It's not as if she has embraced the Republican Party. "Too attached to big business," she says. Instead, she has employed the term "homeless" to describe her political status, "appalled" by the convergence of the parties to the point where both "are attracted now to big government, like heroin to an addict, and they can't give it up."
Glendon occupies her own turf, and it's as if political and social thinkers at times do not know what to make of her. For openings on the federal bench, she's drawn interest from both parties. But she's never exactly been a neat fit. During the Carter administration, her interview went well, she recalls, but "the most probable reason I did not get a federal judgeship was my prolife view." During the Bush administration, the antiabortion view worked in her favor, but her more expansive view of construing the Constitution likely did not fit the Bush party line. "There were all these questions that, for this particular Justice Department, mine were the wrong answers," says Glendon.
Not infrequently, she finds herself a target for all sides. "What irritates people who adhere to a party line is if you aren't with them all the way, then you are in some ways more obnoxious to them than the well-known enemy over there."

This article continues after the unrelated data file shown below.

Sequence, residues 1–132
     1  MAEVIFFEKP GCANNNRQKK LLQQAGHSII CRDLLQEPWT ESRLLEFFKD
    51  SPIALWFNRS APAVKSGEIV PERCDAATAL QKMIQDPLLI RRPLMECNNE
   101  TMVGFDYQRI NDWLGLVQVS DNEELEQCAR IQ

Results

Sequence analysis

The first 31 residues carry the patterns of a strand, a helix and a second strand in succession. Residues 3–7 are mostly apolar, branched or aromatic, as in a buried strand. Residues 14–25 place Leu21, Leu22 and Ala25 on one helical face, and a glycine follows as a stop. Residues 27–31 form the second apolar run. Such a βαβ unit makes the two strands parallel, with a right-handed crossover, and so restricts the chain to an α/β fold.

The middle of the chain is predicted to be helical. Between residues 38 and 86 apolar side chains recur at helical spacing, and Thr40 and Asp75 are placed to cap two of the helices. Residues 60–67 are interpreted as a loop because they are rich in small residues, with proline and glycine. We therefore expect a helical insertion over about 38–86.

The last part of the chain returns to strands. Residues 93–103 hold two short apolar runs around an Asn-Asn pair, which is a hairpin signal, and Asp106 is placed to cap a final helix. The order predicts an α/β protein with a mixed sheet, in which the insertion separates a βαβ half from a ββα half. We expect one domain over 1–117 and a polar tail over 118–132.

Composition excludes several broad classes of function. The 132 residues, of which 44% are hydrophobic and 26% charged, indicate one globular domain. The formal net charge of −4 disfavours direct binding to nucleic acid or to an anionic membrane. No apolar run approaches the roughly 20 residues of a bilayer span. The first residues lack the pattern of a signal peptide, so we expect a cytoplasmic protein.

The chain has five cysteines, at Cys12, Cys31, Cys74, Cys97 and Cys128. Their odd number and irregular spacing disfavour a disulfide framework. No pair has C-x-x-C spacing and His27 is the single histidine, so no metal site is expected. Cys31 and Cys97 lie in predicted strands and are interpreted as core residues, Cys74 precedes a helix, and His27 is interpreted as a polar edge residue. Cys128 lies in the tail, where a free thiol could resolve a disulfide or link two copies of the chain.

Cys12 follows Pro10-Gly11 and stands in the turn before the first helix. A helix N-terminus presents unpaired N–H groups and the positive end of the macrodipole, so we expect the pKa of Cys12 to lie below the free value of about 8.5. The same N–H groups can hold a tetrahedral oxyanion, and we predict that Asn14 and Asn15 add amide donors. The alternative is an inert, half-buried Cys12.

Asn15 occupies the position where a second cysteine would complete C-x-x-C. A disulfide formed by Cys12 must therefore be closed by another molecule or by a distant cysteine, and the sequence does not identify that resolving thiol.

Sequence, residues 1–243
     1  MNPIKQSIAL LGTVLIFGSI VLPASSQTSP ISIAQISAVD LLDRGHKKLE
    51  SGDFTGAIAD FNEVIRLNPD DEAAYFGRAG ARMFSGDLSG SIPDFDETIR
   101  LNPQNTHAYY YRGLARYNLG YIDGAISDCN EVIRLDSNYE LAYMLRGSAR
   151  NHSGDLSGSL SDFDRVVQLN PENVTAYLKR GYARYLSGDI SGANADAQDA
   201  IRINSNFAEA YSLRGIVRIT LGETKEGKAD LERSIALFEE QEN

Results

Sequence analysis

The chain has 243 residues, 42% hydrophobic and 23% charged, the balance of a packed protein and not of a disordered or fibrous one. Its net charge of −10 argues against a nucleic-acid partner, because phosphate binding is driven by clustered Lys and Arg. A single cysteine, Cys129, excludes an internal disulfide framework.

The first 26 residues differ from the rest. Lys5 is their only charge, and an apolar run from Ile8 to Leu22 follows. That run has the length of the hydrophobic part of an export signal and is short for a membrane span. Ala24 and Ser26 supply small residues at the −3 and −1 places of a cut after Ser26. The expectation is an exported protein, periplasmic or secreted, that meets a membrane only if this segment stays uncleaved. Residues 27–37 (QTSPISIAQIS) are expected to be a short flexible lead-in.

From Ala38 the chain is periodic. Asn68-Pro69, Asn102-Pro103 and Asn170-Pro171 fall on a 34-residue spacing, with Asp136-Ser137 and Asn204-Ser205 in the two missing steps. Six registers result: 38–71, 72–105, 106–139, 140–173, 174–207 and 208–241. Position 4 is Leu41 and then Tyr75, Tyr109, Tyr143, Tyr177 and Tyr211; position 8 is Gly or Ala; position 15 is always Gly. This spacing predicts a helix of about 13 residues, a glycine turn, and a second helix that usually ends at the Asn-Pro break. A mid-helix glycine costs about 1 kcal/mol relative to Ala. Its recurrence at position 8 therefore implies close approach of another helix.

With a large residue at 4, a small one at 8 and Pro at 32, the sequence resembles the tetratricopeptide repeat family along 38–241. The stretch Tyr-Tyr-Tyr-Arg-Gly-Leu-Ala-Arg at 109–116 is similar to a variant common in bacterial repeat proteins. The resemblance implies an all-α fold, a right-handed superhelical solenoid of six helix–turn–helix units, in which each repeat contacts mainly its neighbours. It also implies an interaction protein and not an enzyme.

Leon Graglia, for one, a conservative legal scholar at the University of Texas, trashed Glendon's last book, "A Nation Under Lawyers." In The National Review, Graglia delivered an unflattering portrayal of both the author and the book (he called Glendon's analysis "soft" and "typically mushy"). Graglia wrote: "She earns the accolade of 'moderate' by, it turns out, pandering to liberal convention and mythology and hedging her conservative-sounding arguments to the point of retraction. She defies political categorization because she typically seeks to have things both ways."
From the other side, the criticism might be less heated, but it is poed nonetheless. Ellen Zucker, a lawyer in Boston and a longtime official with the National Organization for Women, respects Glendon's concern about the social welfare of women and children, but says her writings reveal a "nasty disrespect" for the women's movement.
"I hear from her a paternalism toward women," says Zucker, and a "narrow vision of family." Glendon may claim to be just an academic, says Zucker, but "in the recent past she has stepped forward as not only an antichoice activist but a self-styled critic of the women's movement."